THURSDAY, 1 MAY 2008
The love of a woman – from a man’s perspective
Picture a man walking in a desert. He’s been walking for days. He has run out of food and water, and he is dehydrated. He stumbles as he descends down a dune. Rolls to the bottom. Just lies there.
Then, at that moment, a rescue plane appears in the blue sky above him. Someone parachutes down with emergency supplies. Three hours later a jeep ambulance arrives.
A few days later he wakes up in a hospital. He is connected to tubes, and doctors and nurses are monitoring his condition. He is going to be okay, the doctor assures everyone in the waiting room.
This, from the moment the rescue plane appeared, to the assurance of the doctor, this is the love of a woman. It is a most fortunate turn of events in the life of any man.
FRIDAY, 2 MAY 2008
The thought culminated in a demand for a term that can be applied to the last two years of my life. A few months ago, I started calling it the Second Commercial Dictatorship, but meaning to be a bit more descriptive and more accurate, I said: A time of discovery, failure, embarrassment, faith, disillusionment – and the beginning of the end of financial incompetence.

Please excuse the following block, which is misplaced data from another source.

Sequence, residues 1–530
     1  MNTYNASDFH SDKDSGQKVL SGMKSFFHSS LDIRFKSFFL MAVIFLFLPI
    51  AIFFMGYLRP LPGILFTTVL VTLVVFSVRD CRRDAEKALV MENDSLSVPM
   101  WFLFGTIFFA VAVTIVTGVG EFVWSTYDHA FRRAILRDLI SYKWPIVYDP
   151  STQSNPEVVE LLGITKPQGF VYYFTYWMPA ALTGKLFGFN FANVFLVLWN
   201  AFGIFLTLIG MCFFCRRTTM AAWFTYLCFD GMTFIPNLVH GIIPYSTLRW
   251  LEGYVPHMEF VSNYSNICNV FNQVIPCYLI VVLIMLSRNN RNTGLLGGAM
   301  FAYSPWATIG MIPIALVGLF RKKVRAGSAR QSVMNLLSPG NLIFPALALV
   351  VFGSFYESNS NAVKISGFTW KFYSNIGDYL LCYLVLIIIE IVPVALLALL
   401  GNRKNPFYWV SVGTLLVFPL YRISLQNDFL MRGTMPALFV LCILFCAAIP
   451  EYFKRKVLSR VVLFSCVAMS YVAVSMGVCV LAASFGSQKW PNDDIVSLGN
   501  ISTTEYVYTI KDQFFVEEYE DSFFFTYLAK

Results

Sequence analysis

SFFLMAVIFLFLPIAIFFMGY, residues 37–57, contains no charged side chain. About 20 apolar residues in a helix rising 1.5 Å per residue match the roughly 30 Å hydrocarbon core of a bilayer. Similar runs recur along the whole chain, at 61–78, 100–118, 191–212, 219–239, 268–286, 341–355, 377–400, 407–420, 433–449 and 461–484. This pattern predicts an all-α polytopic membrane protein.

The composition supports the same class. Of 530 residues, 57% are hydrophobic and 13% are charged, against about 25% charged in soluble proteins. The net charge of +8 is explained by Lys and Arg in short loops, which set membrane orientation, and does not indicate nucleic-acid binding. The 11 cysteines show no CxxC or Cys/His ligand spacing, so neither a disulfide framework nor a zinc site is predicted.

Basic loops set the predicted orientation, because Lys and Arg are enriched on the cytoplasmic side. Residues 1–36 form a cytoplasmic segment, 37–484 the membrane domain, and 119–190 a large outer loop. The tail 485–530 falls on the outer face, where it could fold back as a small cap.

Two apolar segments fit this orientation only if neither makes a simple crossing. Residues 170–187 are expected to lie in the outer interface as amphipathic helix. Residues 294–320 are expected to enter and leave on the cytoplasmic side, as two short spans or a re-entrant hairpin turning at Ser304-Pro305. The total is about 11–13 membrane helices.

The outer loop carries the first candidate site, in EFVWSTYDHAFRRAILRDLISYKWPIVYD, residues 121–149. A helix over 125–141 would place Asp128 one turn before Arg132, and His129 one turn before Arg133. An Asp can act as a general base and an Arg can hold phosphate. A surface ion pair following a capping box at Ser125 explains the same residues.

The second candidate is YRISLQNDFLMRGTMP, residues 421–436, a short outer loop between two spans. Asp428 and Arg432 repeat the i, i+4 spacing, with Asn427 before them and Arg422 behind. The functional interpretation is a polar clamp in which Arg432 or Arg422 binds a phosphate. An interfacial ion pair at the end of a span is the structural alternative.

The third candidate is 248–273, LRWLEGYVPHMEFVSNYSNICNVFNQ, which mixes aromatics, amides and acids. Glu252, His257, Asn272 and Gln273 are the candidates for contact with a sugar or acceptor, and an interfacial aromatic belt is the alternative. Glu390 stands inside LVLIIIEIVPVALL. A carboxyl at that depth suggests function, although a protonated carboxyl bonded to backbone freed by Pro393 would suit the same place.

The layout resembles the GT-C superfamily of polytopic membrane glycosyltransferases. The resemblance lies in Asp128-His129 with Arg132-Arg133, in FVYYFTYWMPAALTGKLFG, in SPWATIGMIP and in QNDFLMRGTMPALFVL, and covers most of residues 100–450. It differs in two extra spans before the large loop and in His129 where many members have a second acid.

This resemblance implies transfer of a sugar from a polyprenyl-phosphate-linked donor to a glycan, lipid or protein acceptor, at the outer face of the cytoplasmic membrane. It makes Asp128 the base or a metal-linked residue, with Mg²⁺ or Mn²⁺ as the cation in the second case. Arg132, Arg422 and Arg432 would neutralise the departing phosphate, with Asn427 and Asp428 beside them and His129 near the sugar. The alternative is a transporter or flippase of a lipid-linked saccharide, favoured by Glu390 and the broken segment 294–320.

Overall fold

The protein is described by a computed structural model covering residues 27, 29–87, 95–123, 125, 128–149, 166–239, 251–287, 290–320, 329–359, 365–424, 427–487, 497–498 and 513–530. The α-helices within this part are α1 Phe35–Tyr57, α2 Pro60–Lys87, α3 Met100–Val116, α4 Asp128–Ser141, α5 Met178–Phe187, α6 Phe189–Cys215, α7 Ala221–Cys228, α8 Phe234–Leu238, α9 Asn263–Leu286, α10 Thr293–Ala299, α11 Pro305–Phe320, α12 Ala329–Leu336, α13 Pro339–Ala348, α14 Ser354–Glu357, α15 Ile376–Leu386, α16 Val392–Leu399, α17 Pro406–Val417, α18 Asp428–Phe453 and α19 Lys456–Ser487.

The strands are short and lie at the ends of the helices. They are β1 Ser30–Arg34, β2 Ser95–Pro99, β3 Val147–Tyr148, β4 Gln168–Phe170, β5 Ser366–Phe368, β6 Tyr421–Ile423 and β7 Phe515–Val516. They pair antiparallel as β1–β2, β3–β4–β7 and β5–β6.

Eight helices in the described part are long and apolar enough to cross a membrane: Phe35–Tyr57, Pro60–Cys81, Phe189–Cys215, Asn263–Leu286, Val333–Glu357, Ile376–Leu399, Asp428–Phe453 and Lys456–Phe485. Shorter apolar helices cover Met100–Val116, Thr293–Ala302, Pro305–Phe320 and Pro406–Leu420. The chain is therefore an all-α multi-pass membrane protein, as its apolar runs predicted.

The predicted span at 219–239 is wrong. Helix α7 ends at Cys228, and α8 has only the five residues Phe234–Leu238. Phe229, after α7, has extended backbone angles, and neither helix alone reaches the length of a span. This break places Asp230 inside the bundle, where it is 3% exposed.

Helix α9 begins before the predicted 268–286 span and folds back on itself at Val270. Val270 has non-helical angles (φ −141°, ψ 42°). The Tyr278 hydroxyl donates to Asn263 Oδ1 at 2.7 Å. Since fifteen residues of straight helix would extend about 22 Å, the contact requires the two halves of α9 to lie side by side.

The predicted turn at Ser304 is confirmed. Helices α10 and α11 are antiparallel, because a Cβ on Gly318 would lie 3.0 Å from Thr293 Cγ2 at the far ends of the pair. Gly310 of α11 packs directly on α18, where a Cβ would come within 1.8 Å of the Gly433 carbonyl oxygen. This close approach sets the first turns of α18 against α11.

THURSDAY, 8 MAY 2008
By Wednesday or Thursday or Friday repetition of the same boring actions and a lack of creative fulfilment become a problem. A good way to handle this is to go out for drinks, to play some tennis, or to watch a movie.
I, however, force myself back into my office chair, and the routine continues – whatever the routine is that particular week. My state of mind is therefore susceptible to any mistakes I make, to results that are not as good as I hoped they would be, even to good results that are “too little, too slow”.
The outcome is predictable: “It” does not work. I have to do “something else”. “It” is too slow. Perhaps I should look at “this” or “that” again.
If I had just sat down – on the green couch – and read a book, or watched a movie, I would have been on the road again after a few hours, or the next day. Well-rested. Ready for another day’s journey.
But the way I approach the problem is like someone who has been on the road since just after breakfast. Instead of finding a motel when it starts getting dark, after ten or so hours on the road, the man continues driving, without stop. Until he crashes into a truck or a telephone pole.